Shawn Thornton appealed his 15-game suspension for his assault on Brooks Orpik, but the NHL and Gary Bettman held firm on the number. The league’s Commissioner heard Thornton’s case on Friday, December 20 and decided to uphold what Brendan Shanahan deemed was necessary.
As per NHL.com’s official release:
Commissioner Gary Bettman today upheld the 15-game suspension that was assessed to Boston Bruins forward Shawn Thornton by the Department of Player Safety for punching and injuring an unsuspecting opponent, Brooks Orpik of the Pittsburgh Penguins, in NHL Game No. 438 at Boston on Dec. 7.
Bettman’s entire response to the appeal can be read here.
Say what you will about the Commissioner, but the guy is a lawyer first and foremost and knows how to put together a response to things like Thornton’s appeal. Lengthy case in point, as per the full appeal:
As Mr. Shanahan indicated in the video explanation of his suspension decision, Mr. Thornton’s conduct cannot in any way
be considered a “hockey play.” Mr. Thornton himself was distant from the scrum and cannot claim that his conduct was motivated by any sense that he himself felt endangered or that he had any reason to believe that a teammate was endangered. To the contrary, after taking three (3) rapid strides towards the scrum, Mr. Thornton actually slowed down and glided the rest of the way down the ice, surveying the scene in order to decide what to do. After crossing the red line and before reaching the Pittsburgh blue line, he identified the Pittsburgh players (including Mr. Orpik) who were in or around the scrum.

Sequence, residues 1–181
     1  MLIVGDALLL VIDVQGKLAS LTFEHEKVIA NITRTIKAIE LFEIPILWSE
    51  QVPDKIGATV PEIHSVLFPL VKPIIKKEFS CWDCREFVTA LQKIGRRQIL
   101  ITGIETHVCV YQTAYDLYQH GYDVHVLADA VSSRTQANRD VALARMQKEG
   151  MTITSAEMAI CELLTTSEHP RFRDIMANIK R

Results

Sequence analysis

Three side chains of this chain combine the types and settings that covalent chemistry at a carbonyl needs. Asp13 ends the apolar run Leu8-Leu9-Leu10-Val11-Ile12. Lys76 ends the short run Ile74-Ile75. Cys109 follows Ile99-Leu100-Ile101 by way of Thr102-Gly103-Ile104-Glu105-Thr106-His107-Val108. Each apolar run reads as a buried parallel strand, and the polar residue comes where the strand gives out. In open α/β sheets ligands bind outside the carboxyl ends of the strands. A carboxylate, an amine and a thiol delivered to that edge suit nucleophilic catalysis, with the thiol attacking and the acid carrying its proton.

(Tr. 38-39) He then bypassed Mr. Dupuis as he approached the scrum in order to get at Mr. Orpik. While I am prepared to accept Mr. Thornton’s testimony that at the time the whistle blew he had no specific intention of targeting Mr. Orpik (and may not have even realized he was on the ice), I believe it is very apparent from the video that given the scrum and his recognition of Mr. Orpik’s presence on the ice, Mr. Thornton recognized an opportunity to exact the retribution that was denied him when Mr. Orpik earlier had declined his invitation to fight. He casually skated up behind Mr. Orpik and took him down under circumstances in which the latter “never had a chance” to defend himself.
Interestingly (and disturbingly), Mr. Thornton testified at the hearing that he knew exactly what he was doing and that he was in complete control of his emotions.
That’s a pretty scathing response to Thornton’s claims, and it’s outstanding to see the league take a strong and hard stance against incidents like these. While they may be slowly working their way toward getting head shots out of the game, there’s no place in hockey for this sort of violent attack and Bettman did what had to be done to send the proper message.
Don’t do this again. Or else.